Apr 25, 2013

Washington’s 105-day legislative session ends this Sunday. House Democrats took a nearly $1 billion tax vote Wednesday. But there’s still no budget deal. Olympia Correspondent Austin Jenkins says Governor Jay Inslee stopped short of saying a special session will be necessary.

Ashley Ahearn / EarthFix

A massive landslide that pushed 200,000 cubic yards of earth down the west side of Whidbey Island grabbed national headlines in March. Landslides have also caused numerous delays in passenger and freight rail along Puget Sound.

Pot possession is now legal in Washington. But city and state regulators are drawing the line at marijuana use in bars and coffeeshops. KUOW’s Amy Radil reports.

Washington Dream Act Unlikely to Clear Senate

Apr 2, 2013

Supporters of the so-called Washington Dream Act plan to make one more uphill push in Olympia Tuesday. The measure would extend state financial aid to eligible college students who are in the US illegally. Hopes for the bill dwindled this weekend as a key state senator spoke out against the measure. KUOW’s Liz Jones reports.

Bonnie Stewart / EarthFix

Five coal export terminals have been proposed for the Northwest. Trains would bring coal in from Wyoming and Montana. The route they would travel already is congested in many areas. Congestion means trains hit bottlenecks. Cars get stuck at railroad crossings.

Lamont Granquist

The debate over exporting Wyoming and Montana coal through terminals on the Northwest coast has been heating up in recent months. Those who support exporting coal say the terminals will create thousands of jobs and tax revenue for the state. Opponents of coal exports have raised concerns about the potential environmental and health impacts of coal. Some of them are taking matters into their own hands. Ashley Ahearn reports.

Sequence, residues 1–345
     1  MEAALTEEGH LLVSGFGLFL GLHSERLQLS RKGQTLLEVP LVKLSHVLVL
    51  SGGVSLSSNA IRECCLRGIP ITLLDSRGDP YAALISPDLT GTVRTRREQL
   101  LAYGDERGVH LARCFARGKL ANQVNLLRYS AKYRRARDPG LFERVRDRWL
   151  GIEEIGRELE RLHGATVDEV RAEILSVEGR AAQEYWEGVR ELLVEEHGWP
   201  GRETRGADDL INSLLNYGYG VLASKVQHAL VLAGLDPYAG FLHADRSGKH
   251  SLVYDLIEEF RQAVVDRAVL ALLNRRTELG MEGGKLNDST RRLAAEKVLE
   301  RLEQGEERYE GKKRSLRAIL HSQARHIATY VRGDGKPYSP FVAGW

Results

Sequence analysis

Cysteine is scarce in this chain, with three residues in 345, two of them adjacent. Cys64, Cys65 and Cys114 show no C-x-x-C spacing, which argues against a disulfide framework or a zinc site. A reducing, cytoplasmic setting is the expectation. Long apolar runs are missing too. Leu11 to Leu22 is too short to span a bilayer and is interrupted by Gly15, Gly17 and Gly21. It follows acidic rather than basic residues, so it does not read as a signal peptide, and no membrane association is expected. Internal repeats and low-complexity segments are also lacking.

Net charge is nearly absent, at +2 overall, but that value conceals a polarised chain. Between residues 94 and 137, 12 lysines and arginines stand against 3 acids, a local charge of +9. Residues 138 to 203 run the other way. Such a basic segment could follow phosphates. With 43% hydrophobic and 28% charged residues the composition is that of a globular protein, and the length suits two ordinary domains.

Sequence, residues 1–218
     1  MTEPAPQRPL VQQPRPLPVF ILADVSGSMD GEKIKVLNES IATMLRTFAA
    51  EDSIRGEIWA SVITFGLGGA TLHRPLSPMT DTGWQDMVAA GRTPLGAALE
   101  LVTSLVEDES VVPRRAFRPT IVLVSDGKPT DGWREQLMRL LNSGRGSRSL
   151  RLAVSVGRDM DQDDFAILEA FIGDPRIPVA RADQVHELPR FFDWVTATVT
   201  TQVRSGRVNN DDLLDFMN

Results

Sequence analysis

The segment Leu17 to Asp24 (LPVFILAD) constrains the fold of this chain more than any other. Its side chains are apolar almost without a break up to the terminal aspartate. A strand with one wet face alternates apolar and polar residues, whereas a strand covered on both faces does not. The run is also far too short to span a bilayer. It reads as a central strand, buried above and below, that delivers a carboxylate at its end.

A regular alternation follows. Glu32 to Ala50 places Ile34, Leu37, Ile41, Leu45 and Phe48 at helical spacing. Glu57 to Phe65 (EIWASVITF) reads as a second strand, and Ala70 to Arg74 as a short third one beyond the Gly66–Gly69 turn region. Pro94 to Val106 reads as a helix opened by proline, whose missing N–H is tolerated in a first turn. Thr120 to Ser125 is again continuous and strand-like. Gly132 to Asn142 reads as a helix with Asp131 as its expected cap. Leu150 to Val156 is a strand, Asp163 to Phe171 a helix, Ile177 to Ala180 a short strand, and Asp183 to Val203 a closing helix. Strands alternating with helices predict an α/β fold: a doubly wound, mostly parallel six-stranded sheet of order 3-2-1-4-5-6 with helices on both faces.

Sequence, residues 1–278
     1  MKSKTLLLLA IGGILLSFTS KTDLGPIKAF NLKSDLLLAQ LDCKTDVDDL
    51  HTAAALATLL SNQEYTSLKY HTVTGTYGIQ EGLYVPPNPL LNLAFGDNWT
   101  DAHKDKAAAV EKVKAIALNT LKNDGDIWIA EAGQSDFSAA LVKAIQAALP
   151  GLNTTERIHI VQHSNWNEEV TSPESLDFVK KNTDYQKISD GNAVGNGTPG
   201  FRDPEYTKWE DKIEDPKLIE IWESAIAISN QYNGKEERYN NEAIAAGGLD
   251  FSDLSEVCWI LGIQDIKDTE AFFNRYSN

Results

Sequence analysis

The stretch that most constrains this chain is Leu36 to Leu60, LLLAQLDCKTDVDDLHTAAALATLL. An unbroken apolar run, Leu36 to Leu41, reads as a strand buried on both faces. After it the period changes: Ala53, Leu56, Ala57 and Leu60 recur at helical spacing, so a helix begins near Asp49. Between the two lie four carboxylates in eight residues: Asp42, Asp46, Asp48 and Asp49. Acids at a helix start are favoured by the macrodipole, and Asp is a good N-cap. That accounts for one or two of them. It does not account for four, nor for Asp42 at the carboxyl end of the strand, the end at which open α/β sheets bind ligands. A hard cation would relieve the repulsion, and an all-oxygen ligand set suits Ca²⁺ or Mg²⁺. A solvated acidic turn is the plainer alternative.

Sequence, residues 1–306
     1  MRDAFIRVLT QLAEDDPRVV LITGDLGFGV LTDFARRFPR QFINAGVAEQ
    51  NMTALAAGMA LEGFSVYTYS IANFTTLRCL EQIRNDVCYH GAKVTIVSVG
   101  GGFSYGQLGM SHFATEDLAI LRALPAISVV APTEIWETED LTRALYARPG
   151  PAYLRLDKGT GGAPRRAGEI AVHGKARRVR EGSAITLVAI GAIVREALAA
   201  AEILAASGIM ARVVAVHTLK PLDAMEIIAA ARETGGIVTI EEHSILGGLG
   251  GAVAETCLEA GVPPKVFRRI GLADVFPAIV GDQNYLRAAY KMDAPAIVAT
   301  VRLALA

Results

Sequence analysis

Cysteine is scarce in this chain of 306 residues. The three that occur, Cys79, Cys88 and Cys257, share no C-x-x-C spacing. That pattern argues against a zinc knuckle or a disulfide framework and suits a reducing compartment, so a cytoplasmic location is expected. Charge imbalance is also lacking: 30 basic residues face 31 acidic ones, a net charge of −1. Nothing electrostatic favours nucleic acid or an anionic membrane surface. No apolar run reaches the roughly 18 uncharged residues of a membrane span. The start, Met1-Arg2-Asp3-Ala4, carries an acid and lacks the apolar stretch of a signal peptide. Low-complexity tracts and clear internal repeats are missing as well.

Amy Radil / Northwest News Network

Kids in daycamps and childcare programs in Washington are spending less time airborne these days. New state regulations forbid childcare providers from using trampolines and inflatable bouncy houses. State officials say the rule change was based on safety concerns. But doctors say bouncy houses don’t pose the same risks as trampolines. KUOW’s Amy Radil reports.

Washington Governor Jay Inslee wants to close or curtail a dozen tax breaks and continue a couple of tax increases that are about to expire. The money raised – more than a billion dollars – would be earmarked for public schools. The plan unveiled Thursday is part of the Democrat’s budget priorities for the next two years. Olympia Correspondent Austin Jenkins reports.

  OLYMPIA, Wash. – Health care advocates are pushing Washington state lawmakers to keep up momentum toward expanding access to Medicaid. About 100 people rallied on the Capitol steps in Olympia Thursday. They argue one group that will especially benefit is people with mental illness.

OLYMPIA, Wash. – Washington’s new marijuana consultant says the world will learn a lot from the state’s move to legalize pot. Professor Mark Kleiman believes Washington is the right size state to try this voter-approved experiment.

And, he says, it bodes well that state regulators are taking it seriously.

“Even people that I know who really think that marijuana legalization is a bad idea and will not work out well, are enthusiastic about the idea that Washington is going to try it in a sensible way because then we’ll know something.”